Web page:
I love how whimsical and dreamy this graphic novel version of Hoffmann's story is. Andrewson's style, with all of its curvy lines, makes you feel like you are moving along with the characters in their fantasy adventure. Once again, readers only familiar with the ballet will discover new plot points and new inventions and will love the refocused attention on Clara. (Ever notice how she is almost totally passive in the second half of the ballet?) Don't forget to read the author's note in which Andrewson describes her long admiration for the story!
Meg, Jo, Beth and Amy by Rey Terciero, illustrated by Bre Indigo
This modern day retelling of Lousia May Alcott's Little Women is set in New York City. The story follows the lives of four sisters in a blended, multi-racial family, and will appeal to fans of Raina Telgemeier. The sisters' father is stationed in the Middle East, their mother works double shifts and the girls take care of one another. The narrative follows the sisters as they cope with school work, chores and relationships, as well as interactions with their wealthy neighbor, Laurie.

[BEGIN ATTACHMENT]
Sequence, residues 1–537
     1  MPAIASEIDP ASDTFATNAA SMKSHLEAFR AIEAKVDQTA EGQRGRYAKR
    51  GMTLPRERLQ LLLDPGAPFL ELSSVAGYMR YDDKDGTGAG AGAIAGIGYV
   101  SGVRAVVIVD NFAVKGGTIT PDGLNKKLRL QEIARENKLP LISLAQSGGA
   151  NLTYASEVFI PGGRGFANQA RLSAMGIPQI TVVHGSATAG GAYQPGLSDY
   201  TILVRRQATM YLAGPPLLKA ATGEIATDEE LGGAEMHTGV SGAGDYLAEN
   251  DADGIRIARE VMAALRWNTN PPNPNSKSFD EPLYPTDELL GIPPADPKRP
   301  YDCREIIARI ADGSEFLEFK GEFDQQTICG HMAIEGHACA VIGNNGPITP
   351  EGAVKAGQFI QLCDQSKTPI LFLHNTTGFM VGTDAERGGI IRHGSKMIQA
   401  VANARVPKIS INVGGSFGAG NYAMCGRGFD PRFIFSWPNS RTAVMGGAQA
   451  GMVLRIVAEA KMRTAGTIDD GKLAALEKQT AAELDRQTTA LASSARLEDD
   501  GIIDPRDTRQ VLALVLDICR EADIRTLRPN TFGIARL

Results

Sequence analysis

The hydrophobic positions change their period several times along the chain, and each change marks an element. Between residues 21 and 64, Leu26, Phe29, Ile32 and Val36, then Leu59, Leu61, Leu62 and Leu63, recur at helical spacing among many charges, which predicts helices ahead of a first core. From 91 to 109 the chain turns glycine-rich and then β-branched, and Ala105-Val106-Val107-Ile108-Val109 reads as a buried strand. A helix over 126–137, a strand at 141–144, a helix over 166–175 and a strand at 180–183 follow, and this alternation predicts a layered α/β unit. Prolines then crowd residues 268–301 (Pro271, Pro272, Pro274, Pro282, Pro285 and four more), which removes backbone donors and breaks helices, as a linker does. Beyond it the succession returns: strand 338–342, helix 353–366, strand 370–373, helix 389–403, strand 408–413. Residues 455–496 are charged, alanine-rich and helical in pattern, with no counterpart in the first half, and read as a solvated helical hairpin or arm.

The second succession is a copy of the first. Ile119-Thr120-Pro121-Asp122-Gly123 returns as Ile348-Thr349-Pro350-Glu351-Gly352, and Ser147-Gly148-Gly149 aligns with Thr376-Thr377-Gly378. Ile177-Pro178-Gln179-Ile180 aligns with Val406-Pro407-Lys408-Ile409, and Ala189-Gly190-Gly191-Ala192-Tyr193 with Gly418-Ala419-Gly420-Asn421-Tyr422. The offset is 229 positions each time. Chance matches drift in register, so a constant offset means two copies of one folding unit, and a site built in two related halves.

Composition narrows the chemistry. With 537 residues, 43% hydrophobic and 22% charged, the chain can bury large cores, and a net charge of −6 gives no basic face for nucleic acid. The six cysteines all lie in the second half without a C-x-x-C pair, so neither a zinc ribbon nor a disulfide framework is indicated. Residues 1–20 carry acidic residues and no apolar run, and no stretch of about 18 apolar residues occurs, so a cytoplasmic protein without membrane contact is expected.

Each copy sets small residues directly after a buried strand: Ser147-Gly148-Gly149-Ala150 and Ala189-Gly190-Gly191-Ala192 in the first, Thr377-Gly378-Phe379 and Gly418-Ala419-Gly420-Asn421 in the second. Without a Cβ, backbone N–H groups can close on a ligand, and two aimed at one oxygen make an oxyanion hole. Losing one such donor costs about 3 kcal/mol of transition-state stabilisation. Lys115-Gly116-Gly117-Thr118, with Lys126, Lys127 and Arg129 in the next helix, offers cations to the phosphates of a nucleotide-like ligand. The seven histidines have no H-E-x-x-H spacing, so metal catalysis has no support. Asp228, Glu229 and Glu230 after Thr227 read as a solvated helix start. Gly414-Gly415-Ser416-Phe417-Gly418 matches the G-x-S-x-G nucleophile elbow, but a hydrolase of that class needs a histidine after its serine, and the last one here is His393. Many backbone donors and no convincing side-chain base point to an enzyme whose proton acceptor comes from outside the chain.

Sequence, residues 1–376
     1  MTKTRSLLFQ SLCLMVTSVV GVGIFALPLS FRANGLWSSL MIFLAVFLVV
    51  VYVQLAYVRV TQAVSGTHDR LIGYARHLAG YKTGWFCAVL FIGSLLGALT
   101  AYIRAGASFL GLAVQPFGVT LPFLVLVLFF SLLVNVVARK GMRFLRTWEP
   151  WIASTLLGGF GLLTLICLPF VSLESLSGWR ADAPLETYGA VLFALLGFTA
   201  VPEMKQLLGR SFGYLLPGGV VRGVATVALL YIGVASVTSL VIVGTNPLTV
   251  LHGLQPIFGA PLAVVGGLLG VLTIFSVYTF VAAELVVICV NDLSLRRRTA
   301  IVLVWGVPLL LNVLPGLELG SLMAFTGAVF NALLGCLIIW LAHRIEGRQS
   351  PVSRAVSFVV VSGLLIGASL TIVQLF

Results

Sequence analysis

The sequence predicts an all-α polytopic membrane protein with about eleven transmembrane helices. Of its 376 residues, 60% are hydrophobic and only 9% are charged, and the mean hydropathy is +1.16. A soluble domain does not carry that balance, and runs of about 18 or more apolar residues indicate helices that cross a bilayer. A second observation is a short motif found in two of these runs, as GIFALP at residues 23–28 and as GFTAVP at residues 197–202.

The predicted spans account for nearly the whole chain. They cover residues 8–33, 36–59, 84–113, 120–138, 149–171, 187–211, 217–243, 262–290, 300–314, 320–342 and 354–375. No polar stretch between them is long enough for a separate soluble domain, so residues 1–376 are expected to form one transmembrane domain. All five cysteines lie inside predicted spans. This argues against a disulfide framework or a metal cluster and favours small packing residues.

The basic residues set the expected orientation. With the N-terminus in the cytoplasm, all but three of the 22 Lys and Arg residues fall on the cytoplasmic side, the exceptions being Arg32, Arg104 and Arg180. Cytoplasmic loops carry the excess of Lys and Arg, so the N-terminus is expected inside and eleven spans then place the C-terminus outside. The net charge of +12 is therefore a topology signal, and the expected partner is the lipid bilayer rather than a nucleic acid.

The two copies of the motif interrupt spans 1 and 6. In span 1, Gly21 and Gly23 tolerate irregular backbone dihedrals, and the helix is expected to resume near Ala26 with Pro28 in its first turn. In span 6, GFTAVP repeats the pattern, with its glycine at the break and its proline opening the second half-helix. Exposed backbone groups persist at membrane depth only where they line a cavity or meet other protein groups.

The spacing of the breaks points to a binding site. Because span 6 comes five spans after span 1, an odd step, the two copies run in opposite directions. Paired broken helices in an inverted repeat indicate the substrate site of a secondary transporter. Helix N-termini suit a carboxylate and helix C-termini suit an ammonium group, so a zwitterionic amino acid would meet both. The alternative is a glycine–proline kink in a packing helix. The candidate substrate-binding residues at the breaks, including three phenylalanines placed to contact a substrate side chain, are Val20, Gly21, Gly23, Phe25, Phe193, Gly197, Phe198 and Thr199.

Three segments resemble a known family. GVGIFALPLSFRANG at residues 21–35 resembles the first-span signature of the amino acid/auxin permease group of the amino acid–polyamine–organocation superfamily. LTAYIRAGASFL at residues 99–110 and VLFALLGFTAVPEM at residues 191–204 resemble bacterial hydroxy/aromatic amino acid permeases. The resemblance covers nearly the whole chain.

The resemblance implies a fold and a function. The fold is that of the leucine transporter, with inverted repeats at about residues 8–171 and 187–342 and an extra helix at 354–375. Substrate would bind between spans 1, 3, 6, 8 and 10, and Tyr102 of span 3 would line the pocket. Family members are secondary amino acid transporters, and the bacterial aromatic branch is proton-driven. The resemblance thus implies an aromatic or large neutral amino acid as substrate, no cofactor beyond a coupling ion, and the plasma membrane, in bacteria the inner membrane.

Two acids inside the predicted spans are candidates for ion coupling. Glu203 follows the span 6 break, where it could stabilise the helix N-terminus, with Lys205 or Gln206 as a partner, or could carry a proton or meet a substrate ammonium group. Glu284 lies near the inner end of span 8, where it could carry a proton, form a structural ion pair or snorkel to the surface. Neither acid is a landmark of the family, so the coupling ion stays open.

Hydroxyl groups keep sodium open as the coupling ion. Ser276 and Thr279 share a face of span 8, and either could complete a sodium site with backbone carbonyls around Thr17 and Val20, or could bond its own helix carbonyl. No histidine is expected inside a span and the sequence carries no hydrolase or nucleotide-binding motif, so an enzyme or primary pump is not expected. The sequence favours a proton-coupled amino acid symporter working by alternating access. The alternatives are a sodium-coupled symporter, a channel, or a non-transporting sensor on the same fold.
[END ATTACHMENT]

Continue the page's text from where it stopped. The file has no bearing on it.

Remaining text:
MORE: Books for fans of Little Women
Ages 10 and up
The Hobbit by J. R. R. Tolkien, adapted by Chuck Dixon, illustrated by David Wenzel
My young teen has recently become obsessed with all things Tolkien, and so of course this graphic novel was at the top of his reading list. I did not personally read this one, since the Lord of the Rings universe is not my passion, but the fan in our house declared it to be, "Great! But still read the original and watch the movie." There you have it folks, your professional review.